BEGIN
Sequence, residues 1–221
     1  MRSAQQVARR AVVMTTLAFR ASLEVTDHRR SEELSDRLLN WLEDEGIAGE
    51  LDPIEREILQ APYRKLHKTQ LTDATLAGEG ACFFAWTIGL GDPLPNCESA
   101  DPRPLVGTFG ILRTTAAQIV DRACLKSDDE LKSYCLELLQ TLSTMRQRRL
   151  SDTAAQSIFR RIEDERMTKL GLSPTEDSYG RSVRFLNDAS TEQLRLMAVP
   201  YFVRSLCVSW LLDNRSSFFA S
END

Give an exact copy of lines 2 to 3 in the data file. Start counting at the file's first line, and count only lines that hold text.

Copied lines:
     1  MRSAQQVARR AVVMTTLAFR ASLEVTDHRR SEELSDRLLN WLEDEGIAGE
    51  LDPIEREILQ APYRKLHKTQ LTDATLAGEG ACFFAWTIGL GDPLPNCESA